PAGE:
Lectures 4 - 7 Bio of Cancer Flashcards

High-risk HPV infection accounts for approximately what percent of
all cancers worldwide?


E6: viral oncoprotein, inhibits what?


E7: viral oncoprotein, inhibits what?


BRC-Abl in chronic myelogenous leukemia (CML) is an example of what
type of alteration?

Generation of oncogenes by gene fusion through chromosome translocation

Two types of excessive expression of proto-oncogenes

chromosome translocation that juxtaposes strong
enhancer/promoter to proto-oncogene (Myc in Burkitt´┐Żs lymphoma).

gene amplification that increases the copy number of
a proto-oncogene (Myc in neuroblastoma, ErbB2 in breast cancer).

what is Trastuzumab (Herceptin)

a monoclonal antibody against Her2/Neu/ErbB2, a receptor tyrosine kinase

Gain-of-Function Mutations that Convert Normal Human Genes into Oncogenes

deletion or point mutation
regulatory mutation
gene amplification
chromosome rearrangement

The Knudsen Hypothesis of Retinoblastoma

Retinoblastoma results from TWO mutations in a single retinoblast.
Hereditary: Germline transmission of one mutation. Only one somatic
mutation (ONE HIT) in a retinoblast is required to cause cancer
Sporadic: De novo somatic mutations, Two mutations (TWO HITS)
occurring in one retinoblast.

properties of quiescent cells

metabolically less active than proliferating cells, do not express
genes required for DNA replication


The process by which a quiescent cell becomes stimulated to prepare
for DNA replication and mitosis.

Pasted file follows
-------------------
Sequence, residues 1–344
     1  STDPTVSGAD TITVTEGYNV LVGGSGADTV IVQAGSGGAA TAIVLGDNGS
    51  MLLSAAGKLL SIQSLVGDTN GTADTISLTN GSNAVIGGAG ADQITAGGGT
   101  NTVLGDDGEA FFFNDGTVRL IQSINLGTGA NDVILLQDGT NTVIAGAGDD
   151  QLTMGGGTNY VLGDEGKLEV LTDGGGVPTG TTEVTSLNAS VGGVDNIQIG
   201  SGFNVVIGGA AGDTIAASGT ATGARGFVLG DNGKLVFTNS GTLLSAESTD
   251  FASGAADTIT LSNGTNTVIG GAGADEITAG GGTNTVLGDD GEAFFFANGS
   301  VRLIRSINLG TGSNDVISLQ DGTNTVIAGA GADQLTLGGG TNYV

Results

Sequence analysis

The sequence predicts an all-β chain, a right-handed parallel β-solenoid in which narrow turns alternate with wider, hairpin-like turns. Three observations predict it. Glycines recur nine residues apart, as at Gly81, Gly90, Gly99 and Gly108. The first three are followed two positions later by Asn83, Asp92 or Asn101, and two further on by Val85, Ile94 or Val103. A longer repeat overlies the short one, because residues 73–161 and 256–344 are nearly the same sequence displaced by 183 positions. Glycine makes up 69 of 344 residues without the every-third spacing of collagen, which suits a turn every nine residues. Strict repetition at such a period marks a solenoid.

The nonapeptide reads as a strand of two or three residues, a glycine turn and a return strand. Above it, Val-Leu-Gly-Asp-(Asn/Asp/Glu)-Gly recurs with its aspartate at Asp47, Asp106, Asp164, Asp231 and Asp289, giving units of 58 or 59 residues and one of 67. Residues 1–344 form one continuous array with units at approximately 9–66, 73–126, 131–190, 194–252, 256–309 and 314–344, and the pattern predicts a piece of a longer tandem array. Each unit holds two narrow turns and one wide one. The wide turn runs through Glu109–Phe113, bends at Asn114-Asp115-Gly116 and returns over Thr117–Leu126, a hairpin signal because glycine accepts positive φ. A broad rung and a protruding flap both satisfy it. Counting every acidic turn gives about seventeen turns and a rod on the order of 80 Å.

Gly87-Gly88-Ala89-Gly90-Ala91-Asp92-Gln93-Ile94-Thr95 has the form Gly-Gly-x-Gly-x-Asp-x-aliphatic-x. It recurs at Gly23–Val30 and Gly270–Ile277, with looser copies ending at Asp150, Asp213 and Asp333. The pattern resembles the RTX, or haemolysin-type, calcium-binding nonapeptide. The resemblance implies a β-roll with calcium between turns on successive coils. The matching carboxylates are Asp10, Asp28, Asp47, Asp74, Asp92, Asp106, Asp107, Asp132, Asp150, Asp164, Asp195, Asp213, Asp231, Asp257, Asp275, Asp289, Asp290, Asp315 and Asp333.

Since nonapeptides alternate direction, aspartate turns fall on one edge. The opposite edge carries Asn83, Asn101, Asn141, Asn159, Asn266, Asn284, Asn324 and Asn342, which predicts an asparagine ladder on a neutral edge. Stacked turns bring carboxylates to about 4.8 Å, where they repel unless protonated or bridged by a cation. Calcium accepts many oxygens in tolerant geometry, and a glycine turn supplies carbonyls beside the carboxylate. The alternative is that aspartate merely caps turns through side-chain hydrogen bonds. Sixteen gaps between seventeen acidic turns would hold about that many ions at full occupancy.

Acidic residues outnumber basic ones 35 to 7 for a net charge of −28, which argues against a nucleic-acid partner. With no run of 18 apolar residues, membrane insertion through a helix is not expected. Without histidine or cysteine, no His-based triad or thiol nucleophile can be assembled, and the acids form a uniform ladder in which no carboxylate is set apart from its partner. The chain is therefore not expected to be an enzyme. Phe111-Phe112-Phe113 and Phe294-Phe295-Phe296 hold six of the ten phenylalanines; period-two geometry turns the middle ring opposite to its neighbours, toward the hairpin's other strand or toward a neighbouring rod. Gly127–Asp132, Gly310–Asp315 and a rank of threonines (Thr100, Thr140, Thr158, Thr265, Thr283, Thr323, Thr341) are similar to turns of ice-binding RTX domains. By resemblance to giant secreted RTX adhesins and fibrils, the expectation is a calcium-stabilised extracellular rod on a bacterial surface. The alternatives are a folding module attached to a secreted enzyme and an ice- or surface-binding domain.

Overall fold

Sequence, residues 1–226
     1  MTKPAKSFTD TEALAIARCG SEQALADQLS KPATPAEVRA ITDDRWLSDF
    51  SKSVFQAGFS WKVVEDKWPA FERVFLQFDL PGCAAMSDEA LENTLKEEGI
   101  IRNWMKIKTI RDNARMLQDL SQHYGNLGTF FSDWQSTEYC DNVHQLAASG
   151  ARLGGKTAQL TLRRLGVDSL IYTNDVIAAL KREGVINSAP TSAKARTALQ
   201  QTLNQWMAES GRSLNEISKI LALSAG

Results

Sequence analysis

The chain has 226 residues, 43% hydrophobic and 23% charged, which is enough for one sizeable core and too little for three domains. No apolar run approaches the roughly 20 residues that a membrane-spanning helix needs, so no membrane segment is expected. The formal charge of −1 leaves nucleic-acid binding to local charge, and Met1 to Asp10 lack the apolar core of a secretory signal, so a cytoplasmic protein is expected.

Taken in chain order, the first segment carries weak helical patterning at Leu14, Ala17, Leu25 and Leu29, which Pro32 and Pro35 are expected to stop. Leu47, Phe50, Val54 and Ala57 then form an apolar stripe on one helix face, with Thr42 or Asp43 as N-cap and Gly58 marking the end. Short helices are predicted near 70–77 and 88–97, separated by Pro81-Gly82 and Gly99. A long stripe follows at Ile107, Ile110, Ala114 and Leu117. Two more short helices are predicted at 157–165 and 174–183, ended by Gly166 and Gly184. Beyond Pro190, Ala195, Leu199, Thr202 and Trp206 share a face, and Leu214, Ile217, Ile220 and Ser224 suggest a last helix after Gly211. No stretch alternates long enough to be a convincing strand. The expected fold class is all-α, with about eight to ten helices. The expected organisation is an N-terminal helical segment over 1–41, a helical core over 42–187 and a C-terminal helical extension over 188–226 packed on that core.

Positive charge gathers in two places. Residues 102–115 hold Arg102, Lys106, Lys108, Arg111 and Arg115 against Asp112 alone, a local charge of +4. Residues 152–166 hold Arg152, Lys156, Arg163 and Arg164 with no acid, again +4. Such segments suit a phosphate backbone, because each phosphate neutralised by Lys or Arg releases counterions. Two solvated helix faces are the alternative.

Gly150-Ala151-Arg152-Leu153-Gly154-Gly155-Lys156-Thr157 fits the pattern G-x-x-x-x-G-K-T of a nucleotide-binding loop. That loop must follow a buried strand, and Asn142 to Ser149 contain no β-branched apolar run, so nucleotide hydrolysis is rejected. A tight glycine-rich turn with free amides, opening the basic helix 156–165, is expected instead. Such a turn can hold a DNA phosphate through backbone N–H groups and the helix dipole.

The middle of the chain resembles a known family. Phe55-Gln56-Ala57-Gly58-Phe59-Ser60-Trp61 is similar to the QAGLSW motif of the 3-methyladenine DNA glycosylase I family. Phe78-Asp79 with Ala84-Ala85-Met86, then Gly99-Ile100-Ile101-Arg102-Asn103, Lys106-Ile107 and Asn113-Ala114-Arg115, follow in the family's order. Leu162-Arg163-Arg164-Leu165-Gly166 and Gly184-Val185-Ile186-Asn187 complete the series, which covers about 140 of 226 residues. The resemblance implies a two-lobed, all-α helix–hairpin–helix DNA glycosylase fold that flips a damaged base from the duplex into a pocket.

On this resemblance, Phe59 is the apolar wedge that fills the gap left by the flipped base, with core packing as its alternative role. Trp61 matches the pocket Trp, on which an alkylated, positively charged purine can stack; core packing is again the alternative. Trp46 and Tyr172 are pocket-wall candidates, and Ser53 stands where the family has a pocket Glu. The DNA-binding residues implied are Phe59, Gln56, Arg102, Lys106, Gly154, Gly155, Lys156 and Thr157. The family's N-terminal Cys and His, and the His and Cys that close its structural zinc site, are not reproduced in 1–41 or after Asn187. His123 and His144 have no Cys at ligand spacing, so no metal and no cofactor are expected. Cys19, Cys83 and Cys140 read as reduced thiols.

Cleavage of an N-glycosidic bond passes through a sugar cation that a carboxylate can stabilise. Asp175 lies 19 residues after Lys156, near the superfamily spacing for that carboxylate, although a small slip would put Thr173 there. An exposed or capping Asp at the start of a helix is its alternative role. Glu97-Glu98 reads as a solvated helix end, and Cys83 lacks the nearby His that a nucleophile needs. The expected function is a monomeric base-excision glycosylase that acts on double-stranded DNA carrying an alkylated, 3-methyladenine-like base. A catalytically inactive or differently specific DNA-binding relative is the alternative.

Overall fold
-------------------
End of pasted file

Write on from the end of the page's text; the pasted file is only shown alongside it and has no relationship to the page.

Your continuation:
what are mitogens and what do they do?

ligands - can be growth factors cytokines and antigens and Wnts
(peptides), or hormones. They activate mitogenic signal transduction

endocrine signals

ligand circulates throughout the organism (systemic).

autocrine signals

ligand and the corresponding receptor expressed in the same cell (self-sufficient).

paracrine signals

ligand secreted or presented by neighboring cells (local).

what are Receptor Tyrosine Kinases and its properties?

They are Growth Factor Receptors with Tyrosine Kinase Activity.
N-terminal extracellular ligand binding domain. Single transmembrane
alpha helix. C-terminal intracellular protein tyrosine kinase
catalytic domain. region of homology is src.

Five general mechanisms/types of mutations that lead to deregulated
mitogenic signaling

1. gene amplification/overexpression
2. Loss of gene expression of homeostatic effector
3. Gene truncation that leads to a truncated protein
4. Gene fusion that leads a chimeric protein
5. Activating of inactivating point mutations in receptors or effectors

generalized function of SH2

1) phosphorylated 2) catalytically activated 3) allowed to interact
with other key signaling proteins

SH3 domain binds to what?

It binds to short Peptide sequence rich in Proline residues

SH2 domain binds to what?

It binds to short Peptide sequence with a phosphotyrosine (p-Tyr, pY)

what are the two binding regions of SH2 domain?

binding site for phosphotyrosine and for the amino acid side chain

what does the oncogenic mutation Q61L do?

inactivates GTPase of Ras

what does the oncogenic G12V mutation do?

it abolishes RAS-GTP binding to GAP

By Binding to Ras-GTP, the effectors are recruited to the plasma
membrane. order of effectors?

Ras-GTP - Raf - Mek - Erk1(all in cytoplasm) leads to promoter
activation in nucleus - induction of myc RNA - myc protein - reprogram
gene expression - cell proliferation

functions of BRAF mutations

activate BRAF kinase activity and MAPK signaling, can transform
NIH3T3 cells

Mechanisms of RTK inactivation:

dephosphorylation, endocytosis of receptor, often as result of
ubiquitylation, and by SHP1 a protein phosphatase that
dephosphorylates juxtamembrane tyrosines of kit.

Inhibitors of Cdk4/6

Ink4 family

inhibitors of CDK2 and CDC2

cip/kip familiy